• Justin Martyr, A.D. 151—“As we have been taught, the food which has been made into the Eucharist by the Eucharistic prayer set down by him, and by the change of which our blood and flesh is nurtured, is both the flesh and the blood of that incarnated Jesus.”
  • Irenaeus, A.D. 1889—“If the Lord were from other than the Father, how could he rightly take bread which is of the same creation as our own, and confess it to be is body and affirm that the mixture in the cup is his blood?”
  • Origen, A.D. 248—“Formerly, in an obscure way, there was manna for food; now, however, in full view, there is the true food, the flesh of the Word of God, as he himself says: ‘My flesh is true food, and my blood is true drink’ [John 6:55].”

Have there been miracles involving the Eucharist?

Although there have been no miracles involving the Eucharist that the Church has required Catholics to believe as articles of faith, there have been several reports of miracles that the Church has investigated and deemed appropriate for Catholics to accept. Here are just a few of them:

  • Lanciano, Italy, 8th century: During Mass, the consecrated bread and wine became actual flesh and blood. The host and globules of blood were preserved and are on display to tis very day. A team of researchers in the 1970s and ‘80s examined the host and determined that the flesh came from a human heart and the blood was type AB.
  • Bolsena-Orvieta, Italy, 1263: A German priest named Peter of Prague was struggling with the doctrine of transubstantiation when suddenly, while he was saying Mass, blood slowly began to emerge from the host at the moment of consecration. Pope Urban IV called for an investigation into the matter and declared it to be authentic. He later commissioned St. Thomas Aquinas to compose both the Office for the Mass and the Liturgy of the Hours for a feast called Corpus Christi, which would be dedicated to the Eucharist. Even today, during the feast of Corpus Christi the cathedral in Orvieto exposes the linen stained with the blood from the host held by Peter of Prague.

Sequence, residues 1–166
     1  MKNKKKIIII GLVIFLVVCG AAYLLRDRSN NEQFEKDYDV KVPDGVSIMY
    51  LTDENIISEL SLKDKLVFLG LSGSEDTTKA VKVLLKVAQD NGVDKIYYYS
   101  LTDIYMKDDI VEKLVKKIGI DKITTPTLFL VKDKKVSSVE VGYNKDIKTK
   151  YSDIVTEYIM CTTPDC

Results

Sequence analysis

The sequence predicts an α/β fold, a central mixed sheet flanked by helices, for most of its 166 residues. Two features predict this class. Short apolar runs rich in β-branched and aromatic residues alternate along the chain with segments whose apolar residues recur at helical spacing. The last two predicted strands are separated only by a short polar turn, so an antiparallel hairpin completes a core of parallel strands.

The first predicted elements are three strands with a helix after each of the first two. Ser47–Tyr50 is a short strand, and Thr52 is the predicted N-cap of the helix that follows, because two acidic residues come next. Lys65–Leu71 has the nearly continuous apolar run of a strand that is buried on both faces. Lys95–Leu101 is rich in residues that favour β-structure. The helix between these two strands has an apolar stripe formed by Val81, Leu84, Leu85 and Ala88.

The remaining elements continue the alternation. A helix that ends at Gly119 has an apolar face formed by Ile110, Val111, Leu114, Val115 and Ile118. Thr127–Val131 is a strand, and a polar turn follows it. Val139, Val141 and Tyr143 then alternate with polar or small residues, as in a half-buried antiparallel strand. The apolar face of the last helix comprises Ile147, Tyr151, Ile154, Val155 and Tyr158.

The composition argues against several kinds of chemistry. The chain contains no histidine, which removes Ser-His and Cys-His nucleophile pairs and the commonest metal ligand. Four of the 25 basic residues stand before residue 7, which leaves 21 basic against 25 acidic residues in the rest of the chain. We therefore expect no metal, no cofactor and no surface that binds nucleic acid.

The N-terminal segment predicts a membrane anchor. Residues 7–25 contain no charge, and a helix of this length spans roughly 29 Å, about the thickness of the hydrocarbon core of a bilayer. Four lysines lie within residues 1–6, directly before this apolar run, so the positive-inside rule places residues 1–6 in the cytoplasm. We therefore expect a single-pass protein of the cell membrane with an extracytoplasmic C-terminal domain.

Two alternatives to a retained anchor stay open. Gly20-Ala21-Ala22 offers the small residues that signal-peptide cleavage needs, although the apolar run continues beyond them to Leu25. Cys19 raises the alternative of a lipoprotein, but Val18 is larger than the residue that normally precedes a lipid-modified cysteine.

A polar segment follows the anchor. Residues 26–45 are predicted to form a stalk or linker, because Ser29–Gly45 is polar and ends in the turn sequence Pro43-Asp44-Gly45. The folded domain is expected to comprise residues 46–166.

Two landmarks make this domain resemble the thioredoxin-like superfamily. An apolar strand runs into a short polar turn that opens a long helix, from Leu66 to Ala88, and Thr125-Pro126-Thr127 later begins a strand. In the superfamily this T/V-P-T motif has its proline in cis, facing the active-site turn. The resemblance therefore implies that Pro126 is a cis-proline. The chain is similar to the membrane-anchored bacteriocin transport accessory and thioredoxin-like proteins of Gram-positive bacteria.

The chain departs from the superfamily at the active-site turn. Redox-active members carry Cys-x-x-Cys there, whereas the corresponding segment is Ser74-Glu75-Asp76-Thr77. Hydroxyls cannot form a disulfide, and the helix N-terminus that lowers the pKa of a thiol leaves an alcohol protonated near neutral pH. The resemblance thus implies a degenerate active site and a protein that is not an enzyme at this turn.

• Avignon, France, 1433:  After several days of heavy rain, the entire city of Avignon was flooded—except for a path leading into the church where the Eucharist was being kept for perpetual adoration. The religious brothers who run the small church still celebrate this miracle by exposing the sacrament and singing a chant from the Canticle of Moses, which was originally sung when God miraculously kept the waters of the Red Sea at bay during the Exodus.
  • Eten, Peru, 1649: Fr. Jerome Silva saw an image of a child on the Eucharistic host, and an apparition of the divine child Jesus was also reported to have appeared to several people. This miracle is celebrated in Eten every year on July 12.
  • Trivandrum, India, 2001: Fr. Johnson Karoor saw three dots and later a human face on the Eucharist while he was saying Mass. In an interview, Fr. Karoor said, “I didn’t have the strength to speak anything to the faithful. I stood aside for some time. I couldn’t control my tears. We had the practice of reading Scripture and reflecting on it during adoration. The passage that I got that day as I opened the Bible was John 20:24-29, Jesus appearing to St. Thomas and asking him to see his wounds.”

Finally, it is important to remember that at every Mass a miracle occurs even if we can’t perceive it. That’s because after Consecration the substance of the bread and wine ceases to exist and is placed with the substance of Christ’s body and blood.

The last two questions are adapted from a Q&A published by Catholic Answers “20 Answers: The Eucharist” (San Diego: Catholic Answers, 2016) www.catholic.com